Okay to remove small & large chainrings & front derailleur?


I'm finding I never use the smallest chainring & rarely use the larger chainring. By removing them and the front derailleur, would any problems arise?

I would like to do this, but I'm concerned about using the largest & smallest cogs on my freewheel. By using only the middle chainring, will this create too much "diagonal stress" on my chain? Will it damage either the chainring or the cogs? Would it help to go to a 7 cog cassette? Should I adjust the rear derailleur to stop at the 2nd & 7th cog? Would removing the two chainrings & f-derailleur really lighten the bike significantly? Can I get spacers for the largest & smallest cogs? Does the moon really create the tide?

This time I did a search first - except for the tide question.




Harbinger of Doom
Oct 23, 2001
I had my old bike set up this way, but I wouldn't recommend it. The chain was very prone to hopping off the middle chainring when at either end of the cogset. To solve this, you could run a chain guide (such as an Evil Bikes Security guide), but it's so much easier and cheaper to keep your chainrings and derailleur on the bike, assuming you don't race dual slalom or downhill and have no real need for a guide.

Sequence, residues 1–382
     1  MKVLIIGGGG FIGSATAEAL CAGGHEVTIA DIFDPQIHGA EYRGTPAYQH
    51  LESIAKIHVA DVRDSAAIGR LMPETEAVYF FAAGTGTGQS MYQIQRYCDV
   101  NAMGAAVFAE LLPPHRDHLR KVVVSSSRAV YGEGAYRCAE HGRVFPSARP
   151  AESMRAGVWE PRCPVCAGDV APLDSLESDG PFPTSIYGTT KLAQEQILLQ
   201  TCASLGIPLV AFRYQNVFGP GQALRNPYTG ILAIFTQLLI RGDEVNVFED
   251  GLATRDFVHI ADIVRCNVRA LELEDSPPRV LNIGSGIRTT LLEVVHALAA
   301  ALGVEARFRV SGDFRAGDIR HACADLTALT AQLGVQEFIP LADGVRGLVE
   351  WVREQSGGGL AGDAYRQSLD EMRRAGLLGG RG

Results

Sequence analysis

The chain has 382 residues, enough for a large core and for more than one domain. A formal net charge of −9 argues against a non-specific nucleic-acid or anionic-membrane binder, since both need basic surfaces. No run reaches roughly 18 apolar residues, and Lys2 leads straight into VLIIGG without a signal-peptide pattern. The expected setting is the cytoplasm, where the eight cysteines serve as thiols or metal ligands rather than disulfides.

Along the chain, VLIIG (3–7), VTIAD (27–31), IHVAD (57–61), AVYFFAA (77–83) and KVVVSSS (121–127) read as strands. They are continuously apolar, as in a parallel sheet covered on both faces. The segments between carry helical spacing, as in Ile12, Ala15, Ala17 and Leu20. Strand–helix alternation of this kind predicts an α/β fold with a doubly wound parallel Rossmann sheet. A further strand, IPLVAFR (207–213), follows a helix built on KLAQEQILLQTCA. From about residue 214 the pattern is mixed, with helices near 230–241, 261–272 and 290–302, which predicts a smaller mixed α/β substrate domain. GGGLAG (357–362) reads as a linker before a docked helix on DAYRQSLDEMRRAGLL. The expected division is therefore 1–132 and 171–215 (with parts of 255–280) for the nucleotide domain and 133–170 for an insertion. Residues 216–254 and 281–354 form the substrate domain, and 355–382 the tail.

Old bike:



Turbo Monkey
Nov 19, 2001
OK with running only the middle ring (I assume it's a 32 to 34 tooth).

This is the reason dh and slalom bikes have chain guides:

the most important factor is the chain hopping off, so if it doesn't bother you, leave the front derailleur ON, and adjust the bottom (low) limit screw till the cage is centered on the ring. It helps maybe to lower it as far down on the seat tube as possible. Because it's not shifting anything or moving at this point, it only needs enough clearance to prevent the chain rubbing. Now you can ditch the front shifter for more real estate on your bars.

One other thing that helps is a rear derailleur with a strong pulley spring, SRAM springs are ape strong, and XTR's have an extra adjust screw to increase tension.

Additionally an added tension device like a Kore chain reactor can help, but with possible sacrifices in shifting smoothness.

Keep in mind none of this might work, so ride wih CAUTION at first. A skipped chain in a sprint gave my a busted collarbone once!

As far as cross chaining and wear, the middle ring is usually ok to use with every rear cog, ( all dh and slalom bike do this) provided the chainline on your bike was correct in the first place. If you have a stock setup from the factory, they probably spec'd it pretty close. You want the middle chainring lined up dead center on the rear cassette. That means on an 8 speed setup, the chainline on the middle cog would be centered BETWEEN the 4th and 5th rear cogs, and dead center on the 5th cog in a 9 speed setup.

I'm getting long winded here.

All this centering helps your shifting if you were to leave the front rings on by the way.


Jul 6, 2001
Nor Cal
This can also be done using any 2 rockrings (blackspire, raceface, truvativ etc.) and a Truvativ Hussefelt I. Then replace the Truvativ rollers with MRP rollers (like 9 bucks a throw) and you've got an MRP for less and with Raceface bashrings (like 1/4" thick) you can really bash on them hard.